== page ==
Why does Reasons to Believe oppose Evolution?

Why is OEC and RTB okay with big bang, inflation, 13.8 billion years of cosmic expansion, a 4.5 billion year old earth and sun, 4.1 billion years of life on Earth and then goes bonkers on the evolution of primates?


I can think of three reasons:

  1. Scripture and theology: Genesis 2 -3.
  2. Sociology and politics: Triangulation between YEC and Atheists/BioLogos.
  3. Personality and training: Hugh Ross is a physicist, not a biologist.

Likely all 3 are at play now that they are an established voice with a large following.

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Alert: don’t put Atheist with Biologos. Collins and Coyne will get upset.


Hugh Ross explains and accepts all of physics so well. He is the master of finding verses in the Bible that he says point to quantum fluctuations of the inflaton. Why not do the same for evolutionary biology like Collins did or does?

Didn’t read the list?

He would be right in the center of a triangle with Atheist, YEC and Biologos at each vertex.

13.8 billion is not YEC
Find evidence of evolution in scripture is not Biologos
God guided universe is not Atheism

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Yes. And that is psychologically and politically a very desirable place for many people. Soon it will be Peaceful Science there with them, but also getting the biology right, and being more welcoming to everyone.

To be clear, I affirm “common descent” as the evidentiary artifact of a much more robust “process,” and lean towards Goldschmidt’s old “hopeful monster” scenario, with the caveat that such developments are not always “monstrous,” nor the result of an “accidental gradualism.” I, like @swamidass , have no problem seeing the evidence of possible divine providence and teleological guidance as operating in addition to the “usual” processes of nature --which are also, by the way, a matter of God’s active maintenance, in explicating the natural history of life we see all around us. Hence, I am comfortable with the designation of being a “progressive creationist.” I agree with @AJRoberts that succesful mating resulting in fertile offspring ought not be overlooked as a delimitation of what we call “species.” In that vein, RTB does not “oppose” evolution so much as point out its inadequacies.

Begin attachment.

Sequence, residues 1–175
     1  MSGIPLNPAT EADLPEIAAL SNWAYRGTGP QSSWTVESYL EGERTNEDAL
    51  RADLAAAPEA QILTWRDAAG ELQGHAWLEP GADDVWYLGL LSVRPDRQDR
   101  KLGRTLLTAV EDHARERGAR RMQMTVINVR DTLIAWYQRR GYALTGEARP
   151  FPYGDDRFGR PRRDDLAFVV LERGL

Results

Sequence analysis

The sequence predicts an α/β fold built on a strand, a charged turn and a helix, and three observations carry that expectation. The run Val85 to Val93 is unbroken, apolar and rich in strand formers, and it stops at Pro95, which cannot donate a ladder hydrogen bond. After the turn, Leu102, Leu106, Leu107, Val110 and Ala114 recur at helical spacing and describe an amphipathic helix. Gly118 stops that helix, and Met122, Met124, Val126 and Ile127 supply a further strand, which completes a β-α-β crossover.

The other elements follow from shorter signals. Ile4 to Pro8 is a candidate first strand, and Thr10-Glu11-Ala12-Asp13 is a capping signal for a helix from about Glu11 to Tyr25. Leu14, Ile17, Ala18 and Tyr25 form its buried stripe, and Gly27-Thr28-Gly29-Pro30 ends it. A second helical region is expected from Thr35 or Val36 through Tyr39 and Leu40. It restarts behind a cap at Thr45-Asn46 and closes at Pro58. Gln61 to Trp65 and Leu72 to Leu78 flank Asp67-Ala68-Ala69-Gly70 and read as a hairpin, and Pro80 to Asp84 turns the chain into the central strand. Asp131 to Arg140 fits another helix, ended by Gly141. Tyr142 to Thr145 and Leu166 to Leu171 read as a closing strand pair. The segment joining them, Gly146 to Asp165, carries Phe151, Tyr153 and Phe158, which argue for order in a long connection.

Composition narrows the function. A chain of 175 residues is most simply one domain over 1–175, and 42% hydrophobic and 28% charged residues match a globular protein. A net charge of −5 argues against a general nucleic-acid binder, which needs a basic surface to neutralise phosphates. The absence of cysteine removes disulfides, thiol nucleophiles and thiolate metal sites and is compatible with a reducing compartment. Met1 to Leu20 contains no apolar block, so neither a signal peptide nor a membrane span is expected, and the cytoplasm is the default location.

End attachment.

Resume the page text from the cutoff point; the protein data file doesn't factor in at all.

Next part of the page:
So… evolution that is God-guided is inadequate? Or is evolution-without-God inadequate?

Folks who seem to be on both sides of the argument (like Behe) sure are confusing things!

Some people enjoy pretending they’re confused. “Evolution,” when conceived of as “natural law alone,” is as much “God-designed” and “actively God-maintained” as it is “God-guided.” Natural laws, remember, are merely descriptions of the regular functions of nature; they are no more some kind of “independent entity” carrying out “unguided” versus “guided” functions than is french toast. There is no “God of the gaps” alone --it’s God or no ballgame AT ALL!

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That’s an assertion that makes little sense. In what sense could evolution be God-designed? It’s an unavoidable consequence of imperfect replication and doesn’t have to be designed. The same is true for active maintenance. It doesn’t need maintenance; it works all by itself and can’t break. At least “God-guided” allows for direct intervention, making mutations or fixations happen that wouldn’t have happened otherwise.


How long have you been here?

1] God decides what mutations are going to appear.
2] God decides what ecosystem factors will be salient.
3] God employs natural selection to produce the results one would expect given the math.

How is this NOT design-by-God?